Support The Moscow Times!

Now is the time to support independent reporting from Russia!

Contribute Today

Plans for Syria Prisoner Swap, Lavrov Says

MONTREUX — Russia, the U.S. and the UN are devising a plan for a prisoner swap between the two sides in war-torn Syria, Russia's foreign minister has said.

An exchange of prisoners should increase mutual trust between the government and the opposition, Sergei Lavrov said on the first day of a long-awaited conference on Syria's civil war.

Direct negotiations between the Syrian government and opposition are set to go ahead on Jan. 24, Lavrov said. The peace negotiations are expected to last between seven and 10 days.

"We have launched a very complicated, difficult process," Lavrov said Wednesday. "For the first time in three years of this bloody conflict … the parties have agreed to sit down at the negotiating table despite all the accusations made against each other.

"There is certainty that despite all the emotionally charged statements from both Syrian delegations, the talks will begin."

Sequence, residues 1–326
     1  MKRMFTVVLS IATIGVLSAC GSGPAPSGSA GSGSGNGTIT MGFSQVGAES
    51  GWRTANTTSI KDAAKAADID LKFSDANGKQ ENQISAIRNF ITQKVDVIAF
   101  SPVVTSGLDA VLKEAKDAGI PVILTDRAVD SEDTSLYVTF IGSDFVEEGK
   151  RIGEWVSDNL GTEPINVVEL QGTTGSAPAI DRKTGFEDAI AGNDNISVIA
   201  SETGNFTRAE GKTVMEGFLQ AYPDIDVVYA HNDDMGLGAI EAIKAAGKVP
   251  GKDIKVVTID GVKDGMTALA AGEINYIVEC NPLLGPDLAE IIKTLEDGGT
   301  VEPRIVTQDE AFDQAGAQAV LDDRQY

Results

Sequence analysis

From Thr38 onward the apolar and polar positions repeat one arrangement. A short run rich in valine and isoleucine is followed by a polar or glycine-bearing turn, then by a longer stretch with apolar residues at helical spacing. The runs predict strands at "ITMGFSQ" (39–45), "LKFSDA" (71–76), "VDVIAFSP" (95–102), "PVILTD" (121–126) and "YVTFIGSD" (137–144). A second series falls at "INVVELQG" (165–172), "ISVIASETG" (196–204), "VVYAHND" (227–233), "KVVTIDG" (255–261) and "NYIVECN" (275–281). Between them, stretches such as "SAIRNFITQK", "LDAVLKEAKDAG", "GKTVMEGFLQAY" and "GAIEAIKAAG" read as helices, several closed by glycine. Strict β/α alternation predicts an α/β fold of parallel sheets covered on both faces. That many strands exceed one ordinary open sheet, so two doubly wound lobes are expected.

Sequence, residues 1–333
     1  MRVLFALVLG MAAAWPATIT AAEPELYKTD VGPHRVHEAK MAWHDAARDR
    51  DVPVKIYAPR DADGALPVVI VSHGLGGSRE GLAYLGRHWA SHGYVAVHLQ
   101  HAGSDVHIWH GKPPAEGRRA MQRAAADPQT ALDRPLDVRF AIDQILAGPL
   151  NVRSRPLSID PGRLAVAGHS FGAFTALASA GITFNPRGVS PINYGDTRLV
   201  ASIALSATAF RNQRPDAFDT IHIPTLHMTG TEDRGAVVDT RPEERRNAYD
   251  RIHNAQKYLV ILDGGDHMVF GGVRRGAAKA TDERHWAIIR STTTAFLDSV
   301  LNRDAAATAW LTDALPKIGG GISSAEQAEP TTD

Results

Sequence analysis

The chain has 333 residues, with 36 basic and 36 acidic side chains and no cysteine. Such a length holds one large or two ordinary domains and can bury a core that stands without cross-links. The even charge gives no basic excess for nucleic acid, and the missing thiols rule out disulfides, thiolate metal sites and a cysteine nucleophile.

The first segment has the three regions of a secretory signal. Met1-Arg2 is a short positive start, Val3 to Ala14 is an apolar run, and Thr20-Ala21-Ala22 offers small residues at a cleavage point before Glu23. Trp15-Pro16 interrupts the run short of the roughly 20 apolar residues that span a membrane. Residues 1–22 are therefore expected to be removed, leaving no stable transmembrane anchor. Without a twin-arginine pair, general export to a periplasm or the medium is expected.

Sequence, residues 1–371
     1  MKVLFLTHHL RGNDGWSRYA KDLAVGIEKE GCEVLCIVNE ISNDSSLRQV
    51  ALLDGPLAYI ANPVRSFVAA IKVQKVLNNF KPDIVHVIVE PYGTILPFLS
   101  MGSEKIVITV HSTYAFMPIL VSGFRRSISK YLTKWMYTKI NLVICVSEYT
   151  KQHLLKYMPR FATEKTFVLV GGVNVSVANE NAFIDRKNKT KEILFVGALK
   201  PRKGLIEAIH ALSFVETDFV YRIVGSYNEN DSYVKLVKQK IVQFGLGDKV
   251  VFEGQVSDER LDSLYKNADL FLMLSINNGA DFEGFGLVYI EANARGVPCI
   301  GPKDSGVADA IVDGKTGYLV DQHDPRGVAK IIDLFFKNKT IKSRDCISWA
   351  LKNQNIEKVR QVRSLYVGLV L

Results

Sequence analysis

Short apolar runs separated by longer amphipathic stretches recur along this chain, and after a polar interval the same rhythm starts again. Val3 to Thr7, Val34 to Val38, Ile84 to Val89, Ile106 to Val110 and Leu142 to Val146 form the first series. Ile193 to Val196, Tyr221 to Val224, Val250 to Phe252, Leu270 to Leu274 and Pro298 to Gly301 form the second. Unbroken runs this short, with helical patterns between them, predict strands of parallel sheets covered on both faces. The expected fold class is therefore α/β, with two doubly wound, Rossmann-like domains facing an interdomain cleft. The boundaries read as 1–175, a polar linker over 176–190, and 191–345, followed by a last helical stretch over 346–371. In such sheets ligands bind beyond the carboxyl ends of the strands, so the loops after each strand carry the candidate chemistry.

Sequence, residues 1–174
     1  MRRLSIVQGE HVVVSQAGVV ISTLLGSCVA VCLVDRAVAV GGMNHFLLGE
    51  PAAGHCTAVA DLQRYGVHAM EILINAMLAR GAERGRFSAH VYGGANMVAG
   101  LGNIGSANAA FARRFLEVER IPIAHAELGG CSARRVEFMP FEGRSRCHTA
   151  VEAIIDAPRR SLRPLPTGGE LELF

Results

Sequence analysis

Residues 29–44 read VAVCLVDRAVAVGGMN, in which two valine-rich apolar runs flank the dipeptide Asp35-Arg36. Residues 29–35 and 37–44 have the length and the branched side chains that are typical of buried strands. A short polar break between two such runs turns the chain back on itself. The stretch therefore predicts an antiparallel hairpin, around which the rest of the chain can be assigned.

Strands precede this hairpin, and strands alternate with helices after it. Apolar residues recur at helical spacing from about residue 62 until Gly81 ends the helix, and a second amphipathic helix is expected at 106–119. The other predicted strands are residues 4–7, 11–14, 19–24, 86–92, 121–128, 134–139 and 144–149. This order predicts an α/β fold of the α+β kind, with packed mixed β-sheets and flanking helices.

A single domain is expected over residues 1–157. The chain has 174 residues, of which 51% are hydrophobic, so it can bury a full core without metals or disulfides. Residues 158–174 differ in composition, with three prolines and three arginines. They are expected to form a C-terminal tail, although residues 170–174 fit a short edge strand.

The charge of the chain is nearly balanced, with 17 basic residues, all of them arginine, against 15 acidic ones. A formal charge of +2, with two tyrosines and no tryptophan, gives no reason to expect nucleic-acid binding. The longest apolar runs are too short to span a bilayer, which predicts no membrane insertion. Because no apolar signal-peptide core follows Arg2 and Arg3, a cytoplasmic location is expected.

Lavrov met with the heads of the two delegations: Syrian Foreign Minister Walid Muallem, who represents the government, and Ahmad Jarba, leader of the National Coalition, Syria's main Western-backed opposition group in exile.

"They both assured me that they would try to conduct negotiations with the aim of reaching certain agreements. I'm not going to speculate right now on how successful they will be," Lavrov said.

He said that Russia would insist on bringing all major Syrian opposition groups to the talks to ensure that any agreements reached are supported by as many political forces as possible.

The Geneva 2 peace conference bringing together Syria's warring parties and top global diplomats began Wednesday in the Swiss city of Montreux.

The conference's organizers hope it will lead to the formation of a transitional government for Syria, where at least 100,000 have been killed in civil strife since 2011, although President Bashar Assad has shown no sign of intending to step aside.

Read more